In these activities students explore the impressive force of air and learn how air pressure affects their daily lives.

We may not realize it, and we can't always feel it with our senses, the air that surrounds us is exerting a huge amount of pressure on every square centimetre of our bodies.

At this very moment, we have the equivalent weight of a car pushing down on our heads. Do you see anything?

List of Activities:

Air Pressure Game
Egg in a Bottle
Balloon in a Bottle

What's in a Bottle?
The Bernoulli Challenge
Bernoulli Candle Experiment
Plane Wing Simulator
Straw Poppers
Human Lung Simulator
Build a Barometer
Air Cannon
Incompressible Water
Cup and Card
Balloon and Cup Attraction
Windbag

Objectives

  • Describe the characteristics of air.

  • Explain how air pressure works.

  • Discuss how air pressure affects our daily lives.

Materials

  • See individual activities for materials.

Background

We are constantly surrounded by lots of tiny and invisible air particles. We often think of air as being something light and weightless. In reality, air is a gas that takes up space and has mass (weight). Since there is a lot of “empty” space between air molecules, air can be compressed to fit in a smaller volume.

Air not only has mass, but exerts pressure as well. The particles of air push in all directions and the force that is exerted is called air pressure.

While air pressure can refer to the pressure of air within a confined area (car tire or football), atmospheric pressure specifically refers to the air pressure exerted by the air molecules above a given point in the Earth’s atmosphere. The closer we get to the Earth, the higher the atmospheric pressure due to the weight of air particles above. This is why there is less air pressure at the top of a mountain than at sea level. The weight of air above compresses the air particles near the surface of the Earth, creating a higher density of particles. The tool used to measure atmospheric pressure is called a barometer. You cannot use a barometer to measure the air pressure inside a tire, a football, or an air mattress.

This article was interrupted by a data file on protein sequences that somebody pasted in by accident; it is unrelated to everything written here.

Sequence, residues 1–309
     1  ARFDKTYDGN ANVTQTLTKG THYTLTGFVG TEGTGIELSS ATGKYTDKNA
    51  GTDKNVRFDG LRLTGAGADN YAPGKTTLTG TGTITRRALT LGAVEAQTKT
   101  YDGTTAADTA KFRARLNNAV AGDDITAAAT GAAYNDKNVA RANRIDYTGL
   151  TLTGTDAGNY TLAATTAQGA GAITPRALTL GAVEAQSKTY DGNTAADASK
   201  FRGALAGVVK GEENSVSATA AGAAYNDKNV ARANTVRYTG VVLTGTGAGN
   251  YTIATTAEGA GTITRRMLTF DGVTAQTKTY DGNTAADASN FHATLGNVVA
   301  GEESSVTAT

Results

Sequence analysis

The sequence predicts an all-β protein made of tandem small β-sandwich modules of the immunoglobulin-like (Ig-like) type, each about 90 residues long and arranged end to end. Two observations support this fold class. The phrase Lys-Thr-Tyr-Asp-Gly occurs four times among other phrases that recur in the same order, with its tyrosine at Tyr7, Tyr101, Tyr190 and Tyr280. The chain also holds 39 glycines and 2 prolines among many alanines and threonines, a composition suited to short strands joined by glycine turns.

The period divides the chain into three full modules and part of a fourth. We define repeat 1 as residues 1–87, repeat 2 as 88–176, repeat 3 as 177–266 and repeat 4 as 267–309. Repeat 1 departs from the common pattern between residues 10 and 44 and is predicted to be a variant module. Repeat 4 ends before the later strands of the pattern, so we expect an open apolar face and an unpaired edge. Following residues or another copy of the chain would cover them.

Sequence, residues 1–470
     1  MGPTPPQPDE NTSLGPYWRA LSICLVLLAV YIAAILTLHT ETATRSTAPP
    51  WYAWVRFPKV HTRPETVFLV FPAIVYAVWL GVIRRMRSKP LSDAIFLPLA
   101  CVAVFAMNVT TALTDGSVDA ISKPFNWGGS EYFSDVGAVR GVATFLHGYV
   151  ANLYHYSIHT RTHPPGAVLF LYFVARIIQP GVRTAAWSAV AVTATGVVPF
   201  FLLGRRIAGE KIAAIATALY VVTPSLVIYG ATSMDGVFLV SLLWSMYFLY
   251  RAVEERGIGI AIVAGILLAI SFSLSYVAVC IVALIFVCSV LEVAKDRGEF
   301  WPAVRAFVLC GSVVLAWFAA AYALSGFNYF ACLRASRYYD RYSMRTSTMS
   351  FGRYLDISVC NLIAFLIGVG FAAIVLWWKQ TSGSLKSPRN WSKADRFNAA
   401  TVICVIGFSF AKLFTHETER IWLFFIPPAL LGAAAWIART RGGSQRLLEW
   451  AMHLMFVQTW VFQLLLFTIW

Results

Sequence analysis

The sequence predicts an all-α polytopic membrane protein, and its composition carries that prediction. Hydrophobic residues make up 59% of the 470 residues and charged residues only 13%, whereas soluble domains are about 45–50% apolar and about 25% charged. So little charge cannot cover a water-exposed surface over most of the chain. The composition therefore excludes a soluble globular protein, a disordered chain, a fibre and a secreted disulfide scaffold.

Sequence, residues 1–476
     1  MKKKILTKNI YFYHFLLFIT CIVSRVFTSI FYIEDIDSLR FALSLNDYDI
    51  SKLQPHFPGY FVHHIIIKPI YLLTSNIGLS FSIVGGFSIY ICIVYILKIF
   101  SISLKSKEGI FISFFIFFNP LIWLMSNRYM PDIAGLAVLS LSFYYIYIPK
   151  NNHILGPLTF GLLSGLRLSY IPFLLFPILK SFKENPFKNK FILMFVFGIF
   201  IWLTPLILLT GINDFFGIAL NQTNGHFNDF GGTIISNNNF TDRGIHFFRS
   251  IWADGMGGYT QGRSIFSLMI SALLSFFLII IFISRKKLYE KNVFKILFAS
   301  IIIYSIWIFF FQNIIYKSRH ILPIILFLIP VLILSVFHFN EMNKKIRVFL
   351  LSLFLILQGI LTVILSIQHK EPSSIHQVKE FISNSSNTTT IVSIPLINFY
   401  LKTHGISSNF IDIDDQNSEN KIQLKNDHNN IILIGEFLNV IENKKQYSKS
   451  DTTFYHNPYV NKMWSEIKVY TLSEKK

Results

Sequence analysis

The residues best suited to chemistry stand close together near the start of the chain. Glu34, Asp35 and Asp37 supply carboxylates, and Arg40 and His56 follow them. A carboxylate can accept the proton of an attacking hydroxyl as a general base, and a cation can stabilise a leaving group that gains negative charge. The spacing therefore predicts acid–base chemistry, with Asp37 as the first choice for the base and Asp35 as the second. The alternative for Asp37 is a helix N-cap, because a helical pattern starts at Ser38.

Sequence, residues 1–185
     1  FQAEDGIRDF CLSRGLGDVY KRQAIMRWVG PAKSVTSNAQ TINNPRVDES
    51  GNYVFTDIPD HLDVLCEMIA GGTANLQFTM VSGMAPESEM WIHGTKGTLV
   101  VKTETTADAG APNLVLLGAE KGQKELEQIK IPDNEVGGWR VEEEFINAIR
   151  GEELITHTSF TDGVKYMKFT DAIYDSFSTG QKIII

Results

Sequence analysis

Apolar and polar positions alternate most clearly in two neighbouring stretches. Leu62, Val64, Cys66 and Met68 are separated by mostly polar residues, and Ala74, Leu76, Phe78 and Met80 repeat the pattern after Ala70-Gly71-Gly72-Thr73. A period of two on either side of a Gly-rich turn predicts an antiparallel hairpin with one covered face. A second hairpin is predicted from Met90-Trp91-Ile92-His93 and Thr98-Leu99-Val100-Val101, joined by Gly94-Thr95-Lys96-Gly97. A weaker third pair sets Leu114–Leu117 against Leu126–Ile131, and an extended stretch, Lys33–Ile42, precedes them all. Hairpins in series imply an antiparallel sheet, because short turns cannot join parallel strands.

When we jump into a pool, we feel the weight of the water pressing down on us from all directions. This force is known as water pressure. The deeper you sink, the more pressure you will feel. This is because you have the weight of the water on top of you trying to compress you.

To help us visualize air pressure, imagine that we’re living at the bottom of an ocean of air. At sea level, the air pressure is greater than on the top of a mountain since you have the weight of more air pushing down on you.

How heavy is that air?
A cube of air 1 metre per side has a mass of 1 kilogram. The Earth’s atmosphere is about 480 kilometres thick. This means that on the surface of the Earth, we have 480 kilometres of air pushing down on us. That’s 1,700 kilograms on each of our heads (which is roughly the equivalent of the weight of a male hippopotamus!).

So why don’t we get flattened by all that air pressure?
We have air and fluids inside your body that exert a pressure outward, cancelling out the atmospheric pressure around us. This ensures that our bodies do not collapse under the weight of the air around us.

One of the most important concepts to remember in this unit is that air always flows from a place with high pressure to a place with low pressure. Air will perform amazing feats to get from a high-pressure region to a low-pressure region, including pushing and lifting things in its way. Air flowing from a high-pressure region to a low-pressure region is often felt as wind.

To help students remember the direction of airflow, they can use the phrase “winds blow from high to low.”

In these activities, students will discover how changes in air pressure contribute to many different things, including weather patterns, our respiratory system, and the lift required by airplanes.

Vocabulary

Air pressure – The force of air particles against a surface.
Atmospheric pressure – The air pressure of the Earth’s atmosphere by the air above a given point.
Bernoulli’s principle – The faster a fluid (air) flows, the less pressure it creates.
Compression – To squeeze together.
Density – The mass per unit volume (or the number of air particles in a particular location).
Diaphragm – A thin, circular sheet of muscle below the ribcage that contracts and expands to increase and decrease the volume in the chest cavity.
Exhalation – The removal of air from the lungs.
Expansion – To spread out.
Force – A push or pull that can cause an object with mass to change its velocity, direction, or shape.
Inhalation – The intake of air into the lungs.
Lift – The upward motion generated under the wings as a plane moves forward.
Respiratory system – The part of our bodies that allow us to breathe (consisting of lungs, airways, and muscles).
Volume – The amount of space occupied by a substance.
Wind – The flow of air from a high pressure system to a low pressure system.

Other Resources

Science World | YouTube | The Air Show

How Stuff Works | Ears and Diving

Science Kids at Home | Air pressure and Temperature

Kids Science Experiments | Air Pressure

NASA | What makes a plane go up?

Smithsonian National Air and Space Museum | How things Fly